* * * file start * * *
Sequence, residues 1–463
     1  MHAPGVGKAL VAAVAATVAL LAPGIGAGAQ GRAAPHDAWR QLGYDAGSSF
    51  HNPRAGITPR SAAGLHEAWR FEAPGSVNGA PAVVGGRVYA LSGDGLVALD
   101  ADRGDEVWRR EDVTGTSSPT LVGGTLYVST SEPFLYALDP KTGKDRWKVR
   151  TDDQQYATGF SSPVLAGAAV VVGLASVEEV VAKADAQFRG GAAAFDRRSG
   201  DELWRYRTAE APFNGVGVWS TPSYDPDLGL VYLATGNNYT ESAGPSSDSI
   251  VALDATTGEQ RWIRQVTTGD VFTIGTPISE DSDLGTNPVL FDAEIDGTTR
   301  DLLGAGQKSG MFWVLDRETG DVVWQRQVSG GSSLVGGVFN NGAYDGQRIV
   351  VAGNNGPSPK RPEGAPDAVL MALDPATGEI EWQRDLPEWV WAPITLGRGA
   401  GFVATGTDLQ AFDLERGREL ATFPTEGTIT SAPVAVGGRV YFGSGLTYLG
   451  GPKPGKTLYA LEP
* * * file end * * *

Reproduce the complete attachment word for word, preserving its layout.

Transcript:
Sequence, residues 1–463
     1  MHAPGVGKAL VAAVAATVAL LAPGIGAGAQ GRAAPHDAWR QLGYDAGSSF
    51  HNPRAGITPR SAAGLHEAWR FEAPGSVNGA PAVVGGRVYA LSGDGLVALD
   101  ADRGDEVWRR EDVTGTSSPT LVGGTLYVST SEPFLYALDP KTGKDRWKVR
   151  TDDQQYATGF SSPVLAGAAV VVGLASVEEV VAKADAQFRG GAAAFDRRSG
   201  DELWRYRTAE APFNGVGVWS TPSYDPDLGL VYLATGNNYT ESAGPSSDSI
   251  VALDATTGEQ RWIRQVTTGD VFTIGTPISE DSDLGTNPVL FDAEIDGTTR
   301  DLLGAGQKSG MFWVLDRETG DVVWQRQVSG GSSLVGGVFN NGAYDGQRIV
   351  VAGNNGPSPK RPEGAPDAVL MALDPATGEI EWQRDLPEWV WAPITLGRGA
   401  GFVATGTDLQ AFDLERGREL ATFPTEGTIT SAPVAVGGRV YFGSGLTYLG
   451  GPKPGKTLYA LEP